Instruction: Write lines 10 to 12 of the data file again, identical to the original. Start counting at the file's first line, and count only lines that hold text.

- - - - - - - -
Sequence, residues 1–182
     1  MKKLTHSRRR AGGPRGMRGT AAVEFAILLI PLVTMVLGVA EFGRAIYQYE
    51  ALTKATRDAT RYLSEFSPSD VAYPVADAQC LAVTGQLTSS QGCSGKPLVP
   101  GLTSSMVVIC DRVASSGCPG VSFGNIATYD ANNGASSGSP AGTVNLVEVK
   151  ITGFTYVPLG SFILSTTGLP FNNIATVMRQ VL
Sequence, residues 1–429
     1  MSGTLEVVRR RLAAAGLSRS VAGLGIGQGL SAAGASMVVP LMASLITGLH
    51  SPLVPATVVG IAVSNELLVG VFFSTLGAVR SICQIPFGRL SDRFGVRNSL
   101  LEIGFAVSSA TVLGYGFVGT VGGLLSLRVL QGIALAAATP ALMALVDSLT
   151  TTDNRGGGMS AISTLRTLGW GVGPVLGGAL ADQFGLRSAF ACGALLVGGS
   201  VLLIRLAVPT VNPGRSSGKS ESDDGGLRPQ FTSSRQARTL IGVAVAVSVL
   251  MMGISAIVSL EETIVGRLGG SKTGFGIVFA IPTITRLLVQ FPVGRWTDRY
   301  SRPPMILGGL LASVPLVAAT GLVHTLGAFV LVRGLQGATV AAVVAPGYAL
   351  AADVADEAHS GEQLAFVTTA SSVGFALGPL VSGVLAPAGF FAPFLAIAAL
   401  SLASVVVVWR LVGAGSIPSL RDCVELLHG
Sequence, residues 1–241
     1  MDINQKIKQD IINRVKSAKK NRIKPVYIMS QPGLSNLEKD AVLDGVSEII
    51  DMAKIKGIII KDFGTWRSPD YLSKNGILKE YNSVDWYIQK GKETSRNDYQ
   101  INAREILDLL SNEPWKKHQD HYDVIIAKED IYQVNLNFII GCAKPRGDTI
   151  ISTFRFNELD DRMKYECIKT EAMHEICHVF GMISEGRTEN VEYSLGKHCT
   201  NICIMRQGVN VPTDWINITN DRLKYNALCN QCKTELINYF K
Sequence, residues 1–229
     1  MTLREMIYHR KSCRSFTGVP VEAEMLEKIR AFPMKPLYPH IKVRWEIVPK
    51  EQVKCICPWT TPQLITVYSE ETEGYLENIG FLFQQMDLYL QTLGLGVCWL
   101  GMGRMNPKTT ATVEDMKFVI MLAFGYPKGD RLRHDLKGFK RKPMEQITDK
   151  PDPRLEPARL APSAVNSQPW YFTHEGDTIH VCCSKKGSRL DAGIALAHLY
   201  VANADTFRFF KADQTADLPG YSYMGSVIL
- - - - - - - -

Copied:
   151  TTDNRGGGMS AISTLRTLGW GVGPVLGGAL ADQFGLRSAF ACGALLVGGS
   201  VLLIRLAVPT VNPGRSSGKS ESDDGGLRPQ FTSSRQARTL IGVAVAVSVL
   251  MMGISAIVSL EETIVGRLGG SKTGFGIVFA IPTITRLLVQ FPVGRWTDRY